Categories
Little Bits of Stupid Photography

If a Car Hits a Tree in the Forest…

If a Tree Falls in a Forest
Will My Dad Find Out?
Taken August 9, 2008 with Canon PowerShot A550

Of course, my Dad found out. He always found out everything I was up to, and he always gave me a chance to own up to it, relating the dirty deed to me in a manner designed to make me believe he really didn’t know who had done it. You know, in case I wanted to get it off my chest. Which I never did. Even though *I* knew that he knew…. nope. Wouldn’t admit to it. Never.

Like that time when I was five, and the kids up the street and I set fire to the empty field behind my house. Somehow we managed to stomp it out before it got away from us, and we all went home for supper, absolutely certain we were in the clear.

And then, my Dad read the “Police Report” out of the newspaper (yeah, the one that had been printed before we found the matches, but I was five and that was beyond my scope) out loud….

“…The POLICE are VERY worried about the three children, 2 boys and a little girl, who were playing with matches in the long grass, today. They are VERY worried that these three children don’t know any better and could have been BURNED TO DEATH, because they don’t seem to understand that fires can very quickly get OUT OF CONTROL and BURN CHILDREN TO DEATH before their parents can get to them. ESPECIALLY if their parents believe their children SHOULD KNOW BETTER. The POLICE hope these three children, 2 boys and a little girl, have LEARNED THEIR LESSON, and NEVER DO SUCH A STUPID THING AGAIN…”

And he turned to me and gave me that chance to own up: “Do you know who those three children are…?”

Me: “No,”

“Well what do you think of what those three children did …?”

Me: “I think they’re very lucky they didn’t get caught and go to jail.”

Right up into my teens, I would stubbornly stick to the “Wasn’t Me” defense, even when handed unequivocal evidence that it was so me.

Like that time when I was 16, and was accused of stealing a magnum of Champagne out of the wine-cellar, drinking it, and hiding the empty bottle under my bed, I said, “Wasn’t me.” Even though the evidence was found under my bed… with the date of the crime etched on the label… along with the signatures of myself and the friends I passed it back and forth with.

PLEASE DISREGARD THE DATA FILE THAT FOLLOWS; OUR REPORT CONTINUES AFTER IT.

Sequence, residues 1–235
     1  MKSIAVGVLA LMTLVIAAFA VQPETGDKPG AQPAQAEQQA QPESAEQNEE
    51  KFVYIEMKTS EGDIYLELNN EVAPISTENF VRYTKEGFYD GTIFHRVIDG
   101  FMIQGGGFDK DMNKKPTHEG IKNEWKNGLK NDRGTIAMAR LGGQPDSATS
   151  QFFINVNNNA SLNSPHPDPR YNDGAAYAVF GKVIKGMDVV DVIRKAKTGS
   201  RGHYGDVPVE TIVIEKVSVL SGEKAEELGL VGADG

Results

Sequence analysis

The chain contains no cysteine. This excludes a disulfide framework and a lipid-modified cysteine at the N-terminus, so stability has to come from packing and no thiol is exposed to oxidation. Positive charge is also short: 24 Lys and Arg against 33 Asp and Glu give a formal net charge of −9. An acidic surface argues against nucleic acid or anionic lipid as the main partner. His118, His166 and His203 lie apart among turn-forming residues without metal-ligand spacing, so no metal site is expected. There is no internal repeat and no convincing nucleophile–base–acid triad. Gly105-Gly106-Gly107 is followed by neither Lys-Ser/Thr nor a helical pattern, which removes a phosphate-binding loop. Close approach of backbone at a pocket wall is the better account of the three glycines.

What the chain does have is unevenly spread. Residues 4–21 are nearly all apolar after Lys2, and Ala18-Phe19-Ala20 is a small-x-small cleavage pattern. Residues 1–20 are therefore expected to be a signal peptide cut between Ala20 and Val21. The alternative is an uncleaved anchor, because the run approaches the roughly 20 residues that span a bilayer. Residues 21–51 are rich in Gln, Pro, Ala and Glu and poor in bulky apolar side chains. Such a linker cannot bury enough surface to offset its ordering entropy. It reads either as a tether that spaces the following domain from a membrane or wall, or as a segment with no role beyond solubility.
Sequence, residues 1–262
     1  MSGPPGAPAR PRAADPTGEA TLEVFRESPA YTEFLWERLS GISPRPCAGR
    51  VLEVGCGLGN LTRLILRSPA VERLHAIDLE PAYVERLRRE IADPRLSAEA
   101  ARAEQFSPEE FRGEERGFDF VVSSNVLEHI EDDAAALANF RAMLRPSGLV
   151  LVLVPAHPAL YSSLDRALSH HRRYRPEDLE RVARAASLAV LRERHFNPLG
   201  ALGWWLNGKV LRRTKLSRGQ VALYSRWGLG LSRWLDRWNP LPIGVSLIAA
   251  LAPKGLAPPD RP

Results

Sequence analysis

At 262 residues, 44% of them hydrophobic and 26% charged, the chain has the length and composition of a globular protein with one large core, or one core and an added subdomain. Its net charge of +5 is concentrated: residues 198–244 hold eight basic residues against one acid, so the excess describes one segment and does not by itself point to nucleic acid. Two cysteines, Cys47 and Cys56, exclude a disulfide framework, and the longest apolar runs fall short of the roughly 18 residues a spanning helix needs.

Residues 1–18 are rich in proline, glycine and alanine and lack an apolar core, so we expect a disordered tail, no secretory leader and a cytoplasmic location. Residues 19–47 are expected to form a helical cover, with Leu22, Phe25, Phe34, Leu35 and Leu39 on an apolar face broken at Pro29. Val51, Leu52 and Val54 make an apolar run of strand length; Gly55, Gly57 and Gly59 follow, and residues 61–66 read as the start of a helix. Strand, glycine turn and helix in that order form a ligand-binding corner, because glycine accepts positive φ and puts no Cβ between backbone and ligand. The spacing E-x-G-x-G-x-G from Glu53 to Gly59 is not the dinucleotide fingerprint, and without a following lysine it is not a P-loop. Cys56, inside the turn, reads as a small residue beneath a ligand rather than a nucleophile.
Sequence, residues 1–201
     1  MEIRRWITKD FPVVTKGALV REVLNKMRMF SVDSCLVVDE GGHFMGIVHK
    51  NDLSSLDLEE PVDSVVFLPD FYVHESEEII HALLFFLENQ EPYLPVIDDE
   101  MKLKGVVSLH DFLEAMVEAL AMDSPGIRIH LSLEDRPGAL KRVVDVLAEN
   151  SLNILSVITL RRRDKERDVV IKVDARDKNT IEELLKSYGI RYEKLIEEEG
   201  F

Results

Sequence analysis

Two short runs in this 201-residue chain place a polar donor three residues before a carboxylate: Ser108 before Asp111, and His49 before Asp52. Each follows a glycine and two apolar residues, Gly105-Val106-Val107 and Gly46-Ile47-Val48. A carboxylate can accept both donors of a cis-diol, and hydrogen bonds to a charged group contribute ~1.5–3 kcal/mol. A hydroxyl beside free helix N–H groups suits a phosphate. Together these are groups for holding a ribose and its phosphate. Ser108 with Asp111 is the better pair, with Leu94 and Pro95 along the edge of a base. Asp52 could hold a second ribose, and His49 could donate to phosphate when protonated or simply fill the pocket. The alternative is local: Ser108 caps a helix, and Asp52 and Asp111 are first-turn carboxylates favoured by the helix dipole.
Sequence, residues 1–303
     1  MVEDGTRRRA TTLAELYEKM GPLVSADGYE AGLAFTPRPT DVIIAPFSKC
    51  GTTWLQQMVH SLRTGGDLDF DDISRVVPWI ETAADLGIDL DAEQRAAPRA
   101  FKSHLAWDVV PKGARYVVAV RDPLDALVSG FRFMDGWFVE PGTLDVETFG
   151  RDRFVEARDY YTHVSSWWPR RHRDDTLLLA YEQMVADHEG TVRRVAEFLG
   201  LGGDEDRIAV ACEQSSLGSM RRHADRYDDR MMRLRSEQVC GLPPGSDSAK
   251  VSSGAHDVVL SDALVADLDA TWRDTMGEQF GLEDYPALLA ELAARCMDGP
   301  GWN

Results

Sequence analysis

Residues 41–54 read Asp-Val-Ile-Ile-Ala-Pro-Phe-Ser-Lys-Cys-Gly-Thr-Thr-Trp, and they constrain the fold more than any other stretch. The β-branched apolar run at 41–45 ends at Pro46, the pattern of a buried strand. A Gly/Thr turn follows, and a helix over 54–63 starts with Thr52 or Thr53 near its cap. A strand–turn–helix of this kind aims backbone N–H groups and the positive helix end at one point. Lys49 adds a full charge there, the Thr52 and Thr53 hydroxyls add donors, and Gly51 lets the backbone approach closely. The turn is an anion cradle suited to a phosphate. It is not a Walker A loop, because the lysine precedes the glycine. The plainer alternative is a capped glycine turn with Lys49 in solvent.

“Wasn’t me.”

But about that tree….

When I was growing up, we spent almost the entire summer on the boat. We traveled all over the Great Lakes on one boat or another – at first, sleeping on the boat, which was cool, but then my parents built their camp on Cockburn Island (That’s pronounced “Co-Burn”, remember. Suzi, stop laughing.).

By the way, a “camp” is what Northern Ontarians call “The Cottage” – for those of you who might picture tents, or a lumber camp. The “camp” is now owned by my sister Tootie and her family, and it’s a bona-fide second home. It ain’t “camping” by any stretch of the imagination.

It was a slow build, though. The first year, we lived in the woodshed (huge by woodshed standards) while the main house was being built. We had an outhouse, kerosene lamps, and a woodstove. The refrigerator was a propane unit, and my Dad built a pump system for the water that pulled it from a cream can under the sink with the push of a button. He didn’t think my mom should have to lift a pail to the sink. He was a nice guy, my Dad.

Everybody on Cockburn drove old beat-up trucks and cars. When you bought a vehicle for “The Camp”, you either had it ferried over on a barge in the summer, or drove it across the ice in the winter. These old things could live forever over there, it seemed. Didn’t need a safety, either, although that was still illegal, but since nobody was gonna check…